August 26, 2010
New Proxy Access Rules
Lisa Fairfax has a nice summary here. She highlights what I think has to be one of the money quotes from the release:[C]orporate governance is not merely a matter of private ordering. Rights, including shareholder rights, are artifacts of law, and in the realm of corporate governance some rights cannot be bargained away but rather are imposed by statute. There is nothing novel about mandated limitations on private ordering in corporate governance.
Larry Ribstein shares some of his thoughts on the new rules here. From his perspective, we can "expect months or years of litigation, political wrangling and disruption. Just what corporate America needs in a fragile economy."
Finally, J. Robert Brown notes that the new rules are "in effect a recognition that the use of 'independent' directors nominated by management does not work adequately to protect the interests of shareholders." He also opines that as for the federalization of corporate law, Delaware has no one but itself to blame:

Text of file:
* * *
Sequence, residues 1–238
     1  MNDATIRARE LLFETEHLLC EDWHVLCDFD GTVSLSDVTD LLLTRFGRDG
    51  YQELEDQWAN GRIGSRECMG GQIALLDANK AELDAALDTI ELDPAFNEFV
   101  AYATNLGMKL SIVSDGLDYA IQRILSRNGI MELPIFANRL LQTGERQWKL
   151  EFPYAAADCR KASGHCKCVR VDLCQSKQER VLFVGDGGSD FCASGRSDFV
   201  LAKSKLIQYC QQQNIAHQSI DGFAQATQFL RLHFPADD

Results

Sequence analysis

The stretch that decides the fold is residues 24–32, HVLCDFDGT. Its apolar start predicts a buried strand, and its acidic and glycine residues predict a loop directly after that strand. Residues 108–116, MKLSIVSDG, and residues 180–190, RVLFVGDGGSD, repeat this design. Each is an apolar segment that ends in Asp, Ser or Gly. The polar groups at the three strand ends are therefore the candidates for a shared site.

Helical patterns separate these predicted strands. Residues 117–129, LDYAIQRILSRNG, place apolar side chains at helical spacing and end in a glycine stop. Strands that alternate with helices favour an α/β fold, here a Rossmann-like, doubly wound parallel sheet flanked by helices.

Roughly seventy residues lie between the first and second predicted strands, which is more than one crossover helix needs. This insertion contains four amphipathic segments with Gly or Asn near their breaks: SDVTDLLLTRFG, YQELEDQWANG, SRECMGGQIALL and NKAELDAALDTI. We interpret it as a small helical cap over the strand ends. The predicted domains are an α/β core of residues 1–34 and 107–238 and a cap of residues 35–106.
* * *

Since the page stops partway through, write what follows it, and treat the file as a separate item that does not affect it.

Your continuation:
Delaware may have always had a pro-management approach to corporate law, but cases such as Citigroup, Selectica, and Axcelis, suggest that the approach has shifted much further in that direction. The approach is almost singularly responsible for the transfer of governance rights from the states to the federal government.